AAUP Files Amicus Brief in Loretta Capeheart Academic Freedom, Free Speech Federal Case

Professor Loretta Capeheart teaches at Northeastern Illinois University. A Latina and tenured faculty member, she has been a strong advocate for increased minority representation at NEIU and has protested imperialism and military recruiting on campus. She was denied an elected chairpersonship of Justice Studies, an award for faculty excellence and charged with a bizarre allegation of “stalking.”

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She sued the university and was denied a trial in an egregious summary judgment from the United States District Court for the Northern District of Illinois. She has appealed that anti-academic freedom decision to the Seventh Circuit Court of Appeals. The American Association of University Professors filed an amicus curiae brief (friend of the court) in support of Dr Capeheart’s appeal of the summary judgment. At issue is whether Garcetti v Cebalos will continue to enable right-wing enemies of the constitution (call them jurists) in adjudging that public employees in carrying out their official duties have no First Amendment rights under the Constitution. Welcome to Amerika!!

Full disclosure: I have spoken in her behalf at a free-speech, academic freedom forum on campus. Dr Capeheart is a member of the Illinois Conference Committee A on Academic Freedom and Tenure.  I chair that committee and NEIU Provost Lawrence Frank was my dean at St Xavier University prior to his departure in 2002.

No. 11-­1473

IN THE UNITED STATES COURT OF APPEALS FOR THE SEVENTH CIRCUIT

Loretta Capeheart, Plaintiff-­Appellant, v. Sharon K. Hahs, Lawrence P. Frank, in their official capacities as Northeastern Illinois University Administrators, and Melvin C. Terrell, individually, Defendants-­Appellees.

On Appeal from the U.S. District Court For The Northern District of Illinois

No. 08 C 1423

Hon. Blanche M. Manning

Judge Presiding

BRIEF OF THE AMERICAN ASSOCIATION OF UNIVERSITY PROFESSORS AS AMICUS CURIAE IN SUPPORT OF PLAINTIFF-­APPELLANT

James D. Holzhauer

David M. Berger

MAYER BROWN LLP

71 South Wacker Drive

Chicago, Illinois 60606

(312) 782-­0600

Robert M. O’Neil

Kathi Westcott

AMERICAN ASSOCIATION OF UNIVERSITY PROFESSORS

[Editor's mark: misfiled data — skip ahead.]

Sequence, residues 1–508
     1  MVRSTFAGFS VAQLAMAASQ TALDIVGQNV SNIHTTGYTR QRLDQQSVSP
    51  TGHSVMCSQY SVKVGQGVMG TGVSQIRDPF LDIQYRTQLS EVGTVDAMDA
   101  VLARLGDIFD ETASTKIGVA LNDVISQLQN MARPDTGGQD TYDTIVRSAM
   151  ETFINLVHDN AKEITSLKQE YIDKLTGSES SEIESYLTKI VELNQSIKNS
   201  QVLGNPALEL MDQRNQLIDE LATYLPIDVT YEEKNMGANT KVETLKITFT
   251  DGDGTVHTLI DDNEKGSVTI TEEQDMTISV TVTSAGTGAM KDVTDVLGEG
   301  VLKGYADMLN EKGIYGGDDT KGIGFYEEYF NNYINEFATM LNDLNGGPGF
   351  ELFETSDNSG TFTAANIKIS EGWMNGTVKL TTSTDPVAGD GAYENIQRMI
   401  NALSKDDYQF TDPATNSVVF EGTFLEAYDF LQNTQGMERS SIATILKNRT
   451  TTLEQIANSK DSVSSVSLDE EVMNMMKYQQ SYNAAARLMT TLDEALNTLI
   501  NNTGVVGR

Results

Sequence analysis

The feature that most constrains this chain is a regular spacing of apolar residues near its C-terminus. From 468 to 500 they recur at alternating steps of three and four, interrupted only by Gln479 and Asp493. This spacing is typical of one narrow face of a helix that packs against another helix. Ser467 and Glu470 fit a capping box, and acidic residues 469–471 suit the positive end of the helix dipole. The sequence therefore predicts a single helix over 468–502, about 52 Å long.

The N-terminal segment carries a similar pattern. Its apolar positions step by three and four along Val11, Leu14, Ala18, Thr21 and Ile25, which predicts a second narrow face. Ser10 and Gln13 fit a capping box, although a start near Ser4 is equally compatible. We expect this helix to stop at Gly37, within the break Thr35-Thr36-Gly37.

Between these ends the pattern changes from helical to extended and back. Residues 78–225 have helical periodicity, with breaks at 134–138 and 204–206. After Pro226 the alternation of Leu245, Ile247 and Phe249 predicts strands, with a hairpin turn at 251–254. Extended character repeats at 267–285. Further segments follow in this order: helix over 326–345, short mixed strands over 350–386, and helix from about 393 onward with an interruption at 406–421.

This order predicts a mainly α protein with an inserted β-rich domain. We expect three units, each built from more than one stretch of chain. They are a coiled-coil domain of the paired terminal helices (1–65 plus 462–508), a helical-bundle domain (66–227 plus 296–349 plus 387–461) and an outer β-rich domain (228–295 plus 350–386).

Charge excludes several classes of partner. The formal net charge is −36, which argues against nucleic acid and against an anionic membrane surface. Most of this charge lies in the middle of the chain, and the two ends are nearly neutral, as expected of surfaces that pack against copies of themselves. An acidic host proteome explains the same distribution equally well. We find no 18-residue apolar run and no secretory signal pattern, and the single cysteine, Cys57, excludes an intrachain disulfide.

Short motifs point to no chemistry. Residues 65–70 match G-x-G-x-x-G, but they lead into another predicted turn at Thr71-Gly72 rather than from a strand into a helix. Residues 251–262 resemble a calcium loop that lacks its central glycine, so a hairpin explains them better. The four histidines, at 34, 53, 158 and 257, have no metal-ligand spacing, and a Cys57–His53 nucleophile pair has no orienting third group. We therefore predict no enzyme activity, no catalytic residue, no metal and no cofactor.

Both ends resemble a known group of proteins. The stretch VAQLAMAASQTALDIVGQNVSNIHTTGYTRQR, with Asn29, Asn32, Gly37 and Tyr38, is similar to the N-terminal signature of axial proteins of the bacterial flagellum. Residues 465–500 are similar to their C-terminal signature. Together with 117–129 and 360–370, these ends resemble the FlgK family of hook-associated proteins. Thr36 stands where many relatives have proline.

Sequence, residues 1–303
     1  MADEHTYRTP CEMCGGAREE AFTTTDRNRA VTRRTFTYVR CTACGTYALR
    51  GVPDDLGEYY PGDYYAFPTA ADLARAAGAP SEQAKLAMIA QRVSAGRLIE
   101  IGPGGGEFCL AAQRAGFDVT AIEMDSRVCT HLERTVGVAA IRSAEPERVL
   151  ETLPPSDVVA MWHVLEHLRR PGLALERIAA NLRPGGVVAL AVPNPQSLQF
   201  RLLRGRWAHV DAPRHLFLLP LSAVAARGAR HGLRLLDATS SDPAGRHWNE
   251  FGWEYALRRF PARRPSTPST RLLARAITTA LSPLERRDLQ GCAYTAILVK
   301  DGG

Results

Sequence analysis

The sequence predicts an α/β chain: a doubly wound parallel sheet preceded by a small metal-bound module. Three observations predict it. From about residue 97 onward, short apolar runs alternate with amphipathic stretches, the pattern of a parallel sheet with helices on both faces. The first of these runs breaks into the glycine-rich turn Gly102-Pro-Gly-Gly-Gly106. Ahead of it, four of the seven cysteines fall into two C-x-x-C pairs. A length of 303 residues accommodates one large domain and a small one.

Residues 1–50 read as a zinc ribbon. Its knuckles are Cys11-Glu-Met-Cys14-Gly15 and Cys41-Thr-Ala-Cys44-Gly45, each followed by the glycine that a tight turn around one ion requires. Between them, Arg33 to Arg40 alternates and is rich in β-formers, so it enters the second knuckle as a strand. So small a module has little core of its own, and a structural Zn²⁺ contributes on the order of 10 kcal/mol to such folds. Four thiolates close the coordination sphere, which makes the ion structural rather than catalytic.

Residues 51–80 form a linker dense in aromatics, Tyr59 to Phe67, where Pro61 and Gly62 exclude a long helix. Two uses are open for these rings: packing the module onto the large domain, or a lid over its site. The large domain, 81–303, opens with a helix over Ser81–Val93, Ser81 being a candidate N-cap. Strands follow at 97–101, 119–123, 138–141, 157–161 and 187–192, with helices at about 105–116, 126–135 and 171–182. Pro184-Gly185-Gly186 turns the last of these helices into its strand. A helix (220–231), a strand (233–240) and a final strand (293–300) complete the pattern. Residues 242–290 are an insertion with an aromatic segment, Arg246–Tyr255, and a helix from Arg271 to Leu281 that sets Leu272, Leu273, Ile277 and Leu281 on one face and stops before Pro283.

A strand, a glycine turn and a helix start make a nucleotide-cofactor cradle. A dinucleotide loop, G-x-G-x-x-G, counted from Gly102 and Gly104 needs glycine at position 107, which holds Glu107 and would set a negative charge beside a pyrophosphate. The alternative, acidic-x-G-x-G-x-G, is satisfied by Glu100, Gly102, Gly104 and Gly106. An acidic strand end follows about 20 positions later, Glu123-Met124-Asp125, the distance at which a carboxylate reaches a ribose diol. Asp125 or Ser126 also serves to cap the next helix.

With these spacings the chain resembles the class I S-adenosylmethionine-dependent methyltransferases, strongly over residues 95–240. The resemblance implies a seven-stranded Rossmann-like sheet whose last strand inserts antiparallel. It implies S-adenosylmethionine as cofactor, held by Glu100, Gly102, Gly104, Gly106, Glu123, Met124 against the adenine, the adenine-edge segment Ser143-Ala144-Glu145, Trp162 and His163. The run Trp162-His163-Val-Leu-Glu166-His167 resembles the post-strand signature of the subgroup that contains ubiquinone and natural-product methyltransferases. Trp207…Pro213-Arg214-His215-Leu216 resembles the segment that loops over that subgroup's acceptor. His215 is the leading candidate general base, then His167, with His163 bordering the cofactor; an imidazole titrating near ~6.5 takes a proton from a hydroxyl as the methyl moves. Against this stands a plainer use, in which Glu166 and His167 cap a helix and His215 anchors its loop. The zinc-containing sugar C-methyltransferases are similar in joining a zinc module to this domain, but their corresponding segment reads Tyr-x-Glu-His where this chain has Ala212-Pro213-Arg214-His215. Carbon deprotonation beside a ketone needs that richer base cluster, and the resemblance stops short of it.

1133 19th St. NW, Suite 200

Washington, D.C. 20036

(202) 737-­5900

Steve Sanders

UNIVERSITY OF MICHIGAN LAW SCHOOL

625 South State Street

Ann Arbor, Michigan 48109

(734) 904-­2280

Attorneys for Amicus Curiae

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TABLE OF CONTENTS

Page

i

TABLE OF AUTHORITIES……………………………………………………………………. ii

INTEREST OF THE AMICUS CURIAE …………………………………………………….

STATEMENT OF THE CASE ………………………………………………………………… 1

SUMMARY OF ARGUMENT…………………………………………………………………. 3

ARGUMENT……………………………………………………………………………………… 5

I. The District Court Misapplied Garcetti’s Official Duties Analysis And Failed To Acknowledge The Academic Speech Reservation………….. 5

A. Overbroad conceptions of “official duties” threaten the First Amendment freedoms of all public employees………………………… 5

B. Garcetti took care not to disturb longstanding principles of academic freedom …………………………………………………………… 10

II. The District Court’s Ruling Undermines The Academy’s Educational Mission And Inhibits Its Service To The Broader

Community ……………………………………………………………………………. 17

A. The district court gave university administrators carte blanche to stifle faculty dissent on matters of public concern …. 17

B. The district court’s ruling will discourage professors from serving as faculty advisors………………………………………………… 19

CONCLUSION…………………………………………………………………………………. 23

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TABLE OF AUTHORITIES

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ii

CASES